Who pays?

The NCDOT N. Highland Lake Road project may seem like a less expensive way for Flat Rock to get a new park entrance or bike/pedestrian pathways, but the preoccupation with trying to get amenities quickly and cheaply can create a tendency to overlook that this road project is unnecessary and that costs associated with the project will impact the village now and in the future.

Because this project is unnecessary, using it to acquire secondary amenities would be a misuse of both taxpayer money and the NCDOT process for determining which roads really need work.

We know from NCDOT’s own documentation that N. Highland Lake Road does not have safety issues and is far from exceeding its capacity to handle traffic (currently it is at about one-third capacity). NCDOT acknowledges that this project will not upgrade how the road functions and that they did not initiate the project. The CLG:Flat Rock position statement on this project ends with:

“Once this project is stopped, there will be time to consider the feasibility of a new park entrance and/or bike/pedestrian paths. To use a road ‘improvement’ project at the cost of $2.7M to gain amenities that cost far less would be misguided governance.”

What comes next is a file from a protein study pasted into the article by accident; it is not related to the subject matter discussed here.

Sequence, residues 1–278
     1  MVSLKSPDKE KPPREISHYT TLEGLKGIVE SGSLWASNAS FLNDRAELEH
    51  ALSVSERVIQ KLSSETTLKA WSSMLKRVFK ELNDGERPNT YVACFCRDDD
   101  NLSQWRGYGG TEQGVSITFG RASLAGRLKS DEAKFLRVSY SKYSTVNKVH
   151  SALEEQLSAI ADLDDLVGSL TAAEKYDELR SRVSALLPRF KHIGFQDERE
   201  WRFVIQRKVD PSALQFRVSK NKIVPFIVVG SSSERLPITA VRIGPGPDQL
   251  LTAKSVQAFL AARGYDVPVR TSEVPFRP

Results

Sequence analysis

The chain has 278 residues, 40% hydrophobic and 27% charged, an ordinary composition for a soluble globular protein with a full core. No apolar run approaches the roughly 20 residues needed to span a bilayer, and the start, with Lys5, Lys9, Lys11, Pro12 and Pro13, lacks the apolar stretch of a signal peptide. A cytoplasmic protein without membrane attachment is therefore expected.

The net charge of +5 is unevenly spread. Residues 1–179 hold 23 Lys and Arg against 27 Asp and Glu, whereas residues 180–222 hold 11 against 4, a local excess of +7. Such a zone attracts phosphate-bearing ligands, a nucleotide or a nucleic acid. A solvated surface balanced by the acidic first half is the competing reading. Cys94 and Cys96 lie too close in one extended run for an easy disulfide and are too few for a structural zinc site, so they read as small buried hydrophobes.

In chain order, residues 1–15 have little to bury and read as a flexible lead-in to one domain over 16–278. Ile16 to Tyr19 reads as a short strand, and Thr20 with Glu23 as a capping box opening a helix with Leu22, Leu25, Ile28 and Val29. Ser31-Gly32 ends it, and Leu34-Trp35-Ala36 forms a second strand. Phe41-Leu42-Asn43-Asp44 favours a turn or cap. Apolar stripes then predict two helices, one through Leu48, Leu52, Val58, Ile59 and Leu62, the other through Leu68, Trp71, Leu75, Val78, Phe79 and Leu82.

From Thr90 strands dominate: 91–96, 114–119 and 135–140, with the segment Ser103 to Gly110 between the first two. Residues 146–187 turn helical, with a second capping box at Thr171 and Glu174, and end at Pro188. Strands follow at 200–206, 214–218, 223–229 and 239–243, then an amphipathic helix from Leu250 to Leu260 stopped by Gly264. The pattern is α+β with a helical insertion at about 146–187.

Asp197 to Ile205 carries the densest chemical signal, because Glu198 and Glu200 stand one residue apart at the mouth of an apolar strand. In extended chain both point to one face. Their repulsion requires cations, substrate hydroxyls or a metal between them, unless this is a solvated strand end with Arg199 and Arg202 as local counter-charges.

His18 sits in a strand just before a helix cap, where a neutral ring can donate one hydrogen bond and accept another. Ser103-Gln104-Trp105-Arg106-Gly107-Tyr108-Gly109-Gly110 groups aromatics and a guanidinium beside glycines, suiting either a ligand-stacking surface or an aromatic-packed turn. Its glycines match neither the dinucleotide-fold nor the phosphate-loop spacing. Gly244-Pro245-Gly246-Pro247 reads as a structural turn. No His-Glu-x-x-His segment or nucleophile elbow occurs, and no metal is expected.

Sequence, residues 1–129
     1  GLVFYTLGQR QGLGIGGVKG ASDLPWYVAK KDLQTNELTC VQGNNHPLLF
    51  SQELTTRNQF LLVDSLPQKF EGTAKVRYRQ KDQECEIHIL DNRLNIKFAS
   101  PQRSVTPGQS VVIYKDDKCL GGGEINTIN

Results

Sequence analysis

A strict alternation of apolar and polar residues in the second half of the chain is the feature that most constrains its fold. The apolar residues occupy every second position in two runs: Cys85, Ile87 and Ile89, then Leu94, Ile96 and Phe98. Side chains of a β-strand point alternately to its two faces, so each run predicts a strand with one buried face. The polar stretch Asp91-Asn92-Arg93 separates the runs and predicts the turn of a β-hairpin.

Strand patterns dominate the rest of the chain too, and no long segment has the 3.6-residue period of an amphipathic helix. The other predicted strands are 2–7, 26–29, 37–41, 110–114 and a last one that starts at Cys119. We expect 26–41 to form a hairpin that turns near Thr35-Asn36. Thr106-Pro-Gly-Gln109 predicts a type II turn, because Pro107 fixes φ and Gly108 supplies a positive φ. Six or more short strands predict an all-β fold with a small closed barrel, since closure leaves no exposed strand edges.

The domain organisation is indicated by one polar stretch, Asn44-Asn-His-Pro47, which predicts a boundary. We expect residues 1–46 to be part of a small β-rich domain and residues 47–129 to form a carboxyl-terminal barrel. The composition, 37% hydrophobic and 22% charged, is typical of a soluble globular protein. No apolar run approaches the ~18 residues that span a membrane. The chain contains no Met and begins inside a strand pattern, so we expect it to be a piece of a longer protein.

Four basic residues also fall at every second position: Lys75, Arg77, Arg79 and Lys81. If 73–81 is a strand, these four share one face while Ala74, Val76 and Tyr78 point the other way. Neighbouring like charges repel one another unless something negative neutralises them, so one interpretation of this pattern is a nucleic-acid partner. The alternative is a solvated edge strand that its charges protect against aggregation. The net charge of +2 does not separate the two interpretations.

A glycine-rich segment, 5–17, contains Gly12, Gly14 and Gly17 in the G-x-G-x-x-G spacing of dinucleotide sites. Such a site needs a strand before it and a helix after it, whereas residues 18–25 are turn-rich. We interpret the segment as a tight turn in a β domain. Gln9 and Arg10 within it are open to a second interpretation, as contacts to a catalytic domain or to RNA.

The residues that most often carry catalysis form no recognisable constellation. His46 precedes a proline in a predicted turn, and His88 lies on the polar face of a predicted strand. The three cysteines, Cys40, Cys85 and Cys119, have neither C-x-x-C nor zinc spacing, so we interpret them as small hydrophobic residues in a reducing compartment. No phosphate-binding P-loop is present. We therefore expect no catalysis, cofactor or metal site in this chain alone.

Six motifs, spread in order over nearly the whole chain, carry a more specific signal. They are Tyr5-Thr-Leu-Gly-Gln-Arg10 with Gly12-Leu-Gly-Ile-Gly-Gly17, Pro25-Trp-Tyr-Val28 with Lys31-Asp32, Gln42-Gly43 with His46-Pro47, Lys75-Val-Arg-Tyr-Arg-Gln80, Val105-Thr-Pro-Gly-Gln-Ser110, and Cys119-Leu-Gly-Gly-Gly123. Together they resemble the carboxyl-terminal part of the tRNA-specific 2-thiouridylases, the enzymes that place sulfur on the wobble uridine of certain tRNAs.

So, who pays for misguided governance?

Unfortunately, all of us. 

NCDOT handles the cost of road work using their funds (our tax money), and the village must contribute 20 percent of the cost for any work done for recreational amenities. The village would also be responsible for 100 percent of maintenance costs of any pathways or other amenities in addition to contributing tax money toward their development. Considering the maintenance expenses of The Park at Flat Rock, we are not sure if the village would have the means to increase its regular maintenance costs at its current property tax rate. 

2 thoughts on “Who pays?

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  1. With rare exceptions, the owner of property adjacent to a sidewalk is the source of some or all of the funds to repair that sidewalk. As stated in the article Fixing Broken Sidewalks: “A survey of 82 cities in 45 states found that 40 percent of the cities require property owners to pay the full cost of repairing
    sidewalks, 46 percent share the cost with property owners, and only 13 percent pay the full cost of repairing sidewalks.” (Shoup, 2010)
    But that wont happen here!

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